You're Networking Wrong

You're Networking Wrong
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I attended a technology conference in New York City this week with 3000 attendees. After being there for 30 minutes, one of my friends, Erica, approached me with a look of utter defeat on her face:

“I just tried to network and it was totally awkward but I’m not sure what I did wrong,” she said. I asked her to walk me through the conversation.

She said she introduced herself to the person she was speaking with, he introduced himself, then she asked him what he does for a living and he told her he’s a developer. She told him that her team is hiring and asked if he was interested in working for her company and that’s when it got awkward. He was pretty silent after that and she got the feeling that he was put off.

Can you spot the problem? Erica had good intentions but her networking attempt was all wrong.

Too often, people rush into networking like a freight train. The biggest mistake I see people make is that they focus on the outcome they hope to achieve. Erica had hoped to meet developers that she could hire, and she was focused on asking people if they wanted to work on her team.

But, that was a mistake. In business, we are taught to focus on the outcomes we seek. In networking, the rules are different. To network like a pro, follow this number one rule:

Focus on the conversation, and not on the outcome.

Networking is a lot like dating. If you were seeking a spouse, you wouldn’t go up to a stranger in a bar and ask “Will you marry me?” Instead, you’d take the time to get to know the other person. And that requires listening to them and getting to know them.

While it’s completely fine and actually recommended to have a clear sense of the outcome you seek from your networking efforts, it’s not fine to jump to the punchline. Instead, be present in the conversation and take the time to get to know the other person.

People love talking about themselves. The most effective way to get the person you are speaking with engaged in an effective, yet brief conversation is to talk about something meaningful to that person.

My primary goal whenever I network is to connect with the other person on 1 thing that’s important to them. That one thing you connect on doesn’t have to have anything to do with your outcome. Let’s go back to the example with Erica. Instead of asking the developer if he wanted to work on her team, the conversation could have gone like this:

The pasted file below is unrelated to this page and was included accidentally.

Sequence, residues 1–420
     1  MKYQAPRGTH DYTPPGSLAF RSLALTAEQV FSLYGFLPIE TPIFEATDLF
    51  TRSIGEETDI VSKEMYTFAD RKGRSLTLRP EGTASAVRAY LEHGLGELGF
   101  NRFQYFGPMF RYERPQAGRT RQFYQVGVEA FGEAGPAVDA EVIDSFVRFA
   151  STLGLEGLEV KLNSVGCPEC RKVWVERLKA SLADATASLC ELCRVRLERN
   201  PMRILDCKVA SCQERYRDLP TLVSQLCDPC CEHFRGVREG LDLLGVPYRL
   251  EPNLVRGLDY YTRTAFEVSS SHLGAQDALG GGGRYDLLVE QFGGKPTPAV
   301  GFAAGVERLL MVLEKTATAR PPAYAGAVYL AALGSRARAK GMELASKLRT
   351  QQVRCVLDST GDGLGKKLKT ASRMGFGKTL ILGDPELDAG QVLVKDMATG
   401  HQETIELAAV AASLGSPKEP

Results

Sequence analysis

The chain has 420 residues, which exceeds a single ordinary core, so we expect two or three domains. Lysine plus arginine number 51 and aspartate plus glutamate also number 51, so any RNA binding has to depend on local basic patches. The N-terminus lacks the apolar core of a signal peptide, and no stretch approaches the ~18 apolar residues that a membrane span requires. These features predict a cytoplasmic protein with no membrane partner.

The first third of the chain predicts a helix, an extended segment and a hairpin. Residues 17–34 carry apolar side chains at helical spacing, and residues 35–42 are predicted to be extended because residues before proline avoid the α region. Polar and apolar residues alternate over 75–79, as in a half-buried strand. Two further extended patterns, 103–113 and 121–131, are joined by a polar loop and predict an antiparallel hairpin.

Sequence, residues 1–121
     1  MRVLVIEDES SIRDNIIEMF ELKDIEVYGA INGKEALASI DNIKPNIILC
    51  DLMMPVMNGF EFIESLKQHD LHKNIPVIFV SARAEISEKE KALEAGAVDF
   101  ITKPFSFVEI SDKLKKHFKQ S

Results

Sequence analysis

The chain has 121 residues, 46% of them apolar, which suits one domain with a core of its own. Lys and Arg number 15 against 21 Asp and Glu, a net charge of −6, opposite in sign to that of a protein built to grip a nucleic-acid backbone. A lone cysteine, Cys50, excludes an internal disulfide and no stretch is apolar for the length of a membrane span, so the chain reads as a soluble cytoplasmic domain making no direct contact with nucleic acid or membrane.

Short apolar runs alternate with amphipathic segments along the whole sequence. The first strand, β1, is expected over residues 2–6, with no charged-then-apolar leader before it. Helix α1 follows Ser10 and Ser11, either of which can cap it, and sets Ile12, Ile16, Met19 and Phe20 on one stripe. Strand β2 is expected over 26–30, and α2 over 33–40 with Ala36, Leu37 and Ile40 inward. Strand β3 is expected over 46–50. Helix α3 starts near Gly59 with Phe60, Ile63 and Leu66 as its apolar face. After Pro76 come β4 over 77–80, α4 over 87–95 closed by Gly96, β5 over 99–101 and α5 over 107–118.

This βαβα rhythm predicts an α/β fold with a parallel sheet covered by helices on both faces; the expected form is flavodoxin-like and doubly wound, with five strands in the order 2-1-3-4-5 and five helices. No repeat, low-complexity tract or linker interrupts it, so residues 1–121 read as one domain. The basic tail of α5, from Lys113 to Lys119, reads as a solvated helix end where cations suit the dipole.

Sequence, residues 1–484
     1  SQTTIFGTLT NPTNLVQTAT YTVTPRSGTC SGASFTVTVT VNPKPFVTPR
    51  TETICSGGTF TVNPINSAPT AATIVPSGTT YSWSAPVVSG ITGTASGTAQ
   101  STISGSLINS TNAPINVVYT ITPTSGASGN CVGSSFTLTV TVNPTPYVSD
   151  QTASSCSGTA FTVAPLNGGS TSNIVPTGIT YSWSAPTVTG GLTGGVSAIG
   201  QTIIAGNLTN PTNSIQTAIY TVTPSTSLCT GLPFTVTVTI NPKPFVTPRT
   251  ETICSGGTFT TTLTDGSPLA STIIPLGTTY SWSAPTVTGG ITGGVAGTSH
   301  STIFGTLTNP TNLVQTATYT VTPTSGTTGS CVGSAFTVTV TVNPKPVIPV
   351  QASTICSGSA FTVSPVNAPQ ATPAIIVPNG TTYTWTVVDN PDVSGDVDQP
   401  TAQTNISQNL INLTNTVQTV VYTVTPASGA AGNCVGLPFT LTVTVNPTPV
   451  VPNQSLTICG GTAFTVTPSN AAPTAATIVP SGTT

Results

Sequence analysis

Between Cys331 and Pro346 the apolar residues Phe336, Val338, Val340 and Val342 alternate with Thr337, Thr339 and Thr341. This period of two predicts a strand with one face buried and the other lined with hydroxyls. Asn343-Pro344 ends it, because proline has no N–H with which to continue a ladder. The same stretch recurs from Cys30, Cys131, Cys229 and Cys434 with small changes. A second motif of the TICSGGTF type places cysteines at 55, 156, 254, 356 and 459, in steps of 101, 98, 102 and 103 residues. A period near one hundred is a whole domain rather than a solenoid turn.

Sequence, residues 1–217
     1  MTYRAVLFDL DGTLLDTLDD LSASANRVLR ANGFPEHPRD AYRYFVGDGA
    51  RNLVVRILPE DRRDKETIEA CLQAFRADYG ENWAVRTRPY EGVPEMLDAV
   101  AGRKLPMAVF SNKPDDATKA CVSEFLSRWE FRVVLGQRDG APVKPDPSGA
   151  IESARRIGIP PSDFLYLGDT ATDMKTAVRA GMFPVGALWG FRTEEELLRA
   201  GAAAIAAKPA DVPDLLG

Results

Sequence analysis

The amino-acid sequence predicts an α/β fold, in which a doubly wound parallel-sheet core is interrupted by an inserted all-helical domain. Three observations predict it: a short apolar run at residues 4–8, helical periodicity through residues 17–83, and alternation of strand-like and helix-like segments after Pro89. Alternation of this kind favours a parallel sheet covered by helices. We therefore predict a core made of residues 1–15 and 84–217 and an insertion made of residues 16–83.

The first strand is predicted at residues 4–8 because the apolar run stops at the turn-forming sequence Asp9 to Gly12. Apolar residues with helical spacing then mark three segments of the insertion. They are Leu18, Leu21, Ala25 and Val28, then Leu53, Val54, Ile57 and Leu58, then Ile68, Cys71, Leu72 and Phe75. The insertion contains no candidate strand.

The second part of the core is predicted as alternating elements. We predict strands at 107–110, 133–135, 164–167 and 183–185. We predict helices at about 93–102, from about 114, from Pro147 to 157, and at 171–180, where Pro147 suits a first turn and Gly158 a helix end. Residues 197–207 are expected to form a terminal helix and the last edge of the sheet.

Erica: “Hi I’m Erica.”

Dave: “Hey, I’m Dave.”

Erica: “What do you do for a living?”

Dave: “I’m a developer.”

Erica: “Awesome. I work with developers. What’s your favorite language to code in?”

Dave: “React, although I’m teaching myself Elixir.”

Erica: “One of the devs on my team wrote a cool open source Elixir project. Could be a great project for you to contribute to in order to work on your Elixir chops. If you give me your email I’ll send you the link to it.”

Dave: “Awesome thanks!”

In this scenario, Erica didn’t even mention that she was hiring developers. Instead, she got Dave talking about himself and providing something of value to him.

Erica has two options from here:

  1. End the conversation. The next day, email Dave that Elixir link as promised, and in the email, mention that she’s hiring and ask if he’s interested.
  2. Continue the conversation and tell Dave that she’s hiring and ask if he’s interested.

In either scenario, Erica focused first on connecting with Dave and getting him to talk about something he cares about.

Networking is a craft, and as such, it takes time to perfect. Yet, by following this 1 rule, you’ll be networking like a pro in no time. It is possible to network in a way that helps you achieve your outcomes and in the process, enables you to help the people you interact with in a way that’s valuable to them.

Originally posted on Inc.

Debbie Madden

Debbie Madden

Founder & Chairwoman

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